|Illustration by Trịnh Lập|
By An Phương
It’s been a while since I last paid a visit to a museum in HCM City.
I’m not sure why I’ve come to neglect local museums. It could be because busy work has got the best of me or foreign museums have brought more excitement.
There are a few museums in HCM City that attract many tourists on a daily basis, including War Remnants Museum, Hồ Chí Minh Museum and the Fine Arts Museum, among others.
During my recent visit to the Fine Arts Museum in District 1, I found it to be a place that has preserved its cultural value. However, it didn’t inspire me as much as my first visit five years ago, perhaps because it hasn’t been upgraded.
Though I understand that museums in general have to display permanent collections, I expected more from one of the most iconic museums in HCM City.
“I love to check out museums when visiting another country since it is the fastest way to get to know a country’s culture and history,” Franstian Lo, an Indonesian tourist, said.
“The War Remnants and Fine Arts museums are cool, but they’re quite similar!” he said, adding that it was the urban legend connected to the 1920s owner of the Fine Arts Museum that really intrigued him.
Franstian’s view got me thinking about how and why Vietnamese museums haven’t thrived as well as their international counterparts.
Many museums in HCM City seem to depict a similar theme of war, which has made the experience of visiting them predictable.
Even those that sound the least war-related, like the Southern Women’s Museum or the Museum of HCM City, display bombshells and weapons inside glass boxes.
Don’t get me wrong, though. I take pride in Việt Nam’s heroism and bravery, but I honestly feel that the winning-war concept does not need to be celebrated at every museum and public exhibition.
“One great history museum would be more impactful,” Quang Nam, 26, said. “I’ve visited many museums across Europe, including the British Museum and Natural History Museum in London. Everything is aesthetically pleasing. So expectations have been formed.”
I agree with Nam that aesthetics is a crucial element that every museum must have and that the exhibition space has to be clean, bright and easy to navigate.
However, it’s not quite like that in many museums in HCM City.
“Most of the painting frames in the Fine Arts Museum are coated with dirt. Together with poor lighting and warm temperature inside, I wonder how visiting this museum would be pleasant to many people, especially non-locals,” Franstian said.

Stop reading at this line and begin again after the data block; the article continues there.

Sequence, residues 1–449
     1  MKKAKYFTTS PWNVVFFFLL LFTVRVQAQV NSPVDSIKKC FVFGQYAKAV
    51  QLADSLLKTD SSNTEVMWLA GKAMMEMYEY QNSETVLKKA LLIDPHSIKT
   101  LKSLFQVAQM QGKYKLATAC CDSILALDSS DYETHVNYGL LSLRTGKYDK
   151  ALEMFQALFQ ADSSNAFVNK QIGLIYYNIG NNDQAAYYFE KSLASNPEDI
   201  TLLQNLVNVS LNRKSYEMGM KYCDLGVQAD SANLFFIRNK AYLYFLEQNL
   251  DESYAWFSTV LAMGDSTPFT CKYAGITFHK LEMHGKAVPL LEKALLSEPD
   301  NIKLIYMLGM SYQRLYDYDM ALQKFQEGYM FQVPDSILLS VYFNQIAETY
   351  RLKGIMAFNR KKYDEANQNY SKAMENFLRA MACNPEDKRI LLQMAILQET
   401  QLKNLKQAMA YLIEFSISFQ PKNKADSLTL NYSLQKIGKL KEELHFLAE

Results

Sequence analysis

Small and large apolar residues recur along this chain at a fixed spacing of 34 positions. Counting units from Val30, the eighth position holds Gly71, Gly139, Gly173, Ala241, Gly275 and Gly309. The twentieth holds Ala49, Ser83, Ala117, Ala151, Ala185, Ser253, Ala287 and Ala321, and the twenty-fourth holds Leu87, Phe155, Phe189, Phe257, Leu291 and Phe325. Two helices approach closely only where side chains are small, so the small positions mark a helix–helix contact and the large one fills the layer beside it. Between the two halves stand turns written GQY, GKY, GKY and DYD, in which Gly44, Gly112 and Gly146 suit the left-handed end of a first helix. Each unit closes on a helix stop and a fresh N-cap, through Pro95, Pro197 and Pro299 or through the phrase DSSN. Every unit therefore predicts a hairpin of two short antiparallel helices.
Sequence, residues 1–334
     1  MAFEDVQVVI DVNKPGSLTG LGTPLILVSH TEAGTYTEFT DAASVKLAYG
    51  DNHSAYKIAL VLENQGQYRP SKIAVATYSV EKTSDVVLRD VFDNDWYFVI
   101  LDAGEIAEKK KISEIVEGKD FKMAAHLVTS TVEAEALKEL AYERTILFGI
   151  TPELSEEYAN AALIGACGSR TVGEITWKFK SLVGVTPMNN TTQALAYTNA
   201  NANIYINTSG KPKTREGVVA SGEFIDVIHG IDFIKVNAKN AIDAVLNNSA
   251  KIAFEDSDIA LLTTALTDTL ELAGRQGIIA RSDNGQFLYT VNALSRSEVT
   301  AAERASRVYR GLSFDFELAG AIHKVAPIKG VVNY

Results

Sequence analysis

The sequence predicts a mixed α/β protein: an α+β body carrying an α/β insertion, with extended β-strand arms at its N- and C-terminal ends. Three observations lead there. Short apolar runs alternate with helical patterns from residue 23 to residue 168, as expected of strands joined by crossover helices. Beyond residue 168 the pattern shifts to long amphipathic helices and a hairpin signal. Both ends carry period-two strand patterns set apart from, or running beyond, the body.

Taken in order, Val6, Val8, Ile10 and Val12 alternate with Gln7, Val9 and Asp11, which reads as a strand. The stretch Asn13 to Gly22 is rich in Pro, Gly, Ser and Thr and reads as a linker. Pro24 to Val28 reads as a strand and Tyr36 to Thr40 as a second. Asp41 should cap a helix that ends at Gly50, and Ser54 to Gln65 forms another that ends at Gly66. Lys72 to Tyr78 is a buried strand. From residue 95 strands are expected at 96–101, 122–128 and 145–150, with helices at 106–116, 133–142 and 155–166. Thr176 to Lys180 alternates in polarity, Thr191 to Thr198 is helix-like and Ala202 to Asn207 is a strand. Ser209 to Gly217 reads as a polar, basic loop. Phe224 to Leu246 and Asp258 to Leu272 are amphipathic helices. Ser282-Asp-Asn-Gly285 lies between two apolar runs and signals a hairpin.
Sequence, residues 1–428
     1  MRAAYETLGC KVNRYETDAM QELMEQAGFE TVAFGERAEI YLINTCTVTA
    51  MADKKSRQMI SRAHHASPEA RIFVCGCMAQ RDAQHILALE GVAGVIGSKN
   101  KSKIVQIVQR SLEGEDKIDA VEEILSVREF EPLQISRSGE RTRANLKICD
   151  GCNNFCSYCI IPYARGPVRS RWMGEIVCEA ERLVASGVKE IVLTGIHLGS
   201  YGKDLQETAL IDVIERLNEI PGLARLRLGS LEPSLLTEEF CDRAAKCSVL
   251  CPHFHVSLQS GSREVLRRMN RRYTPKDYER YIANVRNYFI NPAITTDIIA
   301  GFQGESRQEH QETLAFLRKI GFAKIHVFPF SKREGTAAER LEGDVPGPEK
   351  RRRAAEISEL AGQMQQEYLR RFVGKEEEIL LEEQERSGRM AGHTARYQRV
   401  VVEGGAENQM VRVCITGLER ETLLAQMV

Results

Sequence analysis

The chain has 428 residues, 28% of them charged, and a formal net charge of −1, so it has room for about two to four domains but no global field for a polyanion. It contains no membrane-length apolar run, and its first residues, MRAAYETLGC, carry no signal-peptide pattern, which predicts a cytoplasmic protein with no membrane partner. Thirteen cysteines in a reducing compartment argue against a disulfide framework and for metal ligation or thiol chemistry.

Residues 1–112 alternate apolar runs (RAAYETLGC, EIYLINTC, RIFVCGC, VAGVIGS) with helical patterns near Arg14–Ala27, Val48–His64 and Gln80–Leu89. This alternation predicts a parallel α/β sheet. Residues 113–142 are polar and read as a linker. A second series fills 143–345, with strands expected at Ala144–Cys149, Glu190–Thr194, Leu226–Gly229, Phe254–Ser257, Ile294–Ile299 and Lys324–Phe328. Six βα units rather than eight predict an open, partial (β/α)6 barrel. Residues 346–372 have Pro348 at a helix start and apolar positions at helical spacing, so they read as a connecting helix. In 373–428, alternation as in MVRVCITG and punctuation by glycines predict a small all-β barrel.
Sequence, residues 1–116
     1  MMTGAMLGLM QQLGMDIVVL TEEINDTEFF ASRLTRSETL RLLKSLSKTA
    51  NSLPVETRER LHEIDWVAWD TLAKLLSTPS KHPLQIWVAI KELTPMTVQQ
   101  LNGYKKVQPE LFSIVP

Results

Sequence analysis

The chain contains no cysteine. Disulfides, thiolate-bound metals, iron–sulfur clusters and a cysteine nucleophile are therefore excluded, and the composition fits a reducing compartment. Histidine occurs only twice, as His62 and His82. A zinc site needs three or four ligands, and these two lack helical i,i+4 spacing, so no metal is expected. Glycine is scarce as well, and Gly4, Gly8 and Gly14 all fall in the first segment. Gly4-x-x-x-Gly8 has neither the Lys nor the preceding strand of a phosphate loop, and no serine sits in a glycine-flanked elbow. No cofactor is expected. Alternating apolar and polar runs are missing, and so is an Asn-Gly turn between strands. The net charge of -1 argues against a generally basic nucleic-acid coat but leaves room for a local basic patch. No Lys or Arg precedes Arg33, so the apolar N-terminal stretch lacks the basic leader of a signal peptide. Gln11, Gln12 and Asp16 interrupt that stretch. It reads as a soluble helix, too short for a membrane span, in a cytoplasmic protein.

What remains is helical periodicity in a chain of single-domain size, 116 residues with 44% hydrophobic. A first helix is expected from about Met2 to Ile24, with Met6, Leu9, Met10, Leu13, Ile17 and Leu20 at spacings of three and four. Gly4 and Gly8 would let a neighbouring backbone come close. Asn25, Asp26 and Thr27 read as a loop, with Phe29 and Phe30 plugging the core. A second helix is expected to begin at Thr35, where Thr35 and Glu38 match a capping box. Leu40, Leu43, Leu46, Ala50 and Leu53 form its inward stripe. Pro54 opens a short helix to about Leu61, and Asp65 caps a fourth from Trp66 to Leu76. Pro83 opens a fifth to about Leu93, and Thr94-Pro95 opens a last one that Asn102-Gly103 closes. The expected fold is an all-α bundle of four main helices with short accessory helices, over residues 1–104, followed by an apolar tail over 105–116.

In addition to themes and aesthetics, the lack of background information on individual art pieces affect the visitors’ experience.
“So many amazing paintings here in the Fine Arts Museum! But I only know when they were painted and who painted them. More information would hold my interest longer,” Samantha Ong, a Singaporean friend of Franstian, said.
Personally, I would love to see more interactive sites in the museum where visitors could swipe touchscreens for detailed information or take random quizzes and games.
More workshops could also be opened in museums to provide visitors with chances to directly communicate with artists.
In other words, a modern touch to museums with traditional themes would encourage more people, especially the younger generation, to visit the museums.
“Yeah! We have plenty of surprising elements at Singaporean museums like the ArtScience Museum and Red Dot Museum at Marina Bay Sands,” Samantha said, adding that the two museums attract thousands of visitors every day.
|To draw more visitors, the Fine Arts Museum in HCM City needs to be equipped with better lighting and background information on individual artworks. VNS Photo An Phương|
Two years ago, I had a chance to visit ArtScience Museum for Dreamworks Animation: The Exhibition – Journey from Sketch to Screen, which provided me with a rare glimpse into the Dreamworks Animation’s visionary approach to animation.
It was a cool experience, which got me thinking that Việt Nam, specifically HCM City, should have more insightful concept museums, which showcase fascinating topics similar to those in Singapore and other countries.
Museums, after all, should be a destination that reflects certain topics yet brings about inspiration and, most importantly, entertainment values.
Since the City’s traditional museums lack these elements, perhaps it explains why the Fine Arts Museum drew on a recent cool Sunday afternoon only several dozens of visitors, mostly foreigners.
Recently, a few new contemporary arts centres have opened, including The Factory in District 2, which have brightened many museum lovers’ mood.
“I have higher hopes for independent art centres and museums since they can deliver messages to younger generations more effectively,” Nam said.
“The war should no longer be picked as the main theme. If it’s picked, then it should be seen in a different, more artistic light,” he added.
Ngọc Thảo, 26, shared a similar view. “I love visiting exhibition spaces like the Factory or the Vietnamese Traditional Medicine Museum since there are more to them than plain artifacts. We have other activities including fine dining and lounging where I can meet and network with people with the same passion!”
With this in mind, some action should be taken to upgrade traditional museums and create more independent art centres that would attract younger generations.
“The summer is here with many eager tourists and locals craving for great attractions to spend their time and take cool photos. I can’t wait to see what the future holds,” Nam said. — VNS